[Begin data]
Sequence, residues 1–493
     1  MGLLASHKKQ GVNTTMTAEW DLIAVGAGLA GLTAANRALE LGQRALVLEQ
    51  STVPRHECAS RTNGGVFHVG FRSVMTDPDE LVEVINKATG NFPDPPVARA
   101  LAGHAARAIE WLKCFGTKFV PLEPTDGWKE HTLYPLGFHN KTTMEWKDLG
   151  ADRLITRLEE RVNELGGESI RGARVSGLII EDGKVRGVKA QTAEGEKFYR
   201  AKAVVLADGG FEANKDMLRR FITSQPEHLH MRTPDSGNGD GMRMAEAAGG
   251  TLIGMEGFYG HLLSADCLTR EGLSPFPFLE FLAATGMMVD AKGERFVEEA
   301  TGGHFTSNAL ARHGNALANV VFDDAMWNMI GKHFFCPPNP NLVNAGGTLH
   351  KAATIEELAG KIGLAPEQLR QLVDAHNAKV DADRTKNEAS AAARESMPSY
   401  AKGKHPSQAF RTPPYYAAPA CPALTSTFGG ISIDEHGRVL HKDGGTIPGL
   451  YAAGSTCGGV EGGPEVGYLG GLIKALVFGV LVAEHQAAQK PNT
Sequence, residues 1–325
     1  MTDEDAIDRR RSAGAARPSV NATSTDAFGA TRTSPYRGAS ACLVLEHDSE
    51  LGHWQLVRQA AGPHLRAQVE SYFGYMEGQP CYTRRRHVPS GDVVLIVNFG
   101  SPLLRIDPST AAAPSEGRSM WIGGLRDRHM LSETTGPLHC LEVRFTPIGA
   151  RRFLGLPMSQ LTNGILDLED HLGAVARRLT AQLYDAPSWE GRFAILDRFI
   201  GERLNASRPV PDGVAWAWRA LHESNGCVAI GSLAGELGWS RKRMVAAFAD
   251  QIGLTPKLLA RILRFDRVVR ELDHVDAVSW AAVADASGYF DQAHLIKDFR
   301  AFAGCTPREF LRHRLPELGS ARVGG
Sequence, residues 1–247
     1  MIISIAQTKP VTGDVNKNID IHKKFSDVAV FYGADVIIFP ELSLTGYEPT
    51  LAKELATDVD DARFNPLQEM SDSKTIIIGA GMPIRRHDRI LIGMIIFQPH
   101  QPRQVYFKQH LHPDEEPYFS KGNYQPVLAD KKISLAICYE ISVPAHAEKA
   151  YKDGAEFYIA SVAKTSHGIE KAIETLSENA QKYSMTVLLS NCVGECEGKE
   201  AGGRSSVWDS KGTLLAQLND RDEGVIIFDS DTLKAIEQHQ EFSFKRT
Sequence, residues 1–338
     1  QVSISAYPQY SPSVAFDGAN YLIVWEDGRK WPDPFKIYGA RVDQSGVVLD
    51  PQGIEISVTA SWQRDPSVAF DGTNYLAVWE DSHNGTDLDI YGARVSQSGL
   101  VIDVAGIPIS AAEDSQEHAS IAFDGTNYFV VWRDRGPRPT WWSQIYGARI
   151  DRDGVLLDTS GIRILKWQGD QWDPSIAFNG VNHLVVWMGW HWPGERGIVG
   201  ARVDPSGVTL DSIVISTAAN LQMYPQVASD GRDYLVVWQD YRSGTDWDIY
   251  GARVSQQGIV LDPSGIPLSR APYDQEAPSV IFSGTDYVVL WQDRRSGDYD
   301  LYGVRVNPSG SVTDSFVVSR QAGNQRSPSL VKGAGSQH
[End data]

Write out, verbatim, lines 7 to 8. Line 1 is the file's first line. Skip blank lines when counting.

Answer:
   251  TLIGMEGFYG HLLSADCLTR EGLSPFPFLE FLAATGMMVD AKGERFVEEA
   301  TGGHFTSNAL ARHGNALANV VFDDAMWNMI GKHFFCPPNP NLVNAGGTLH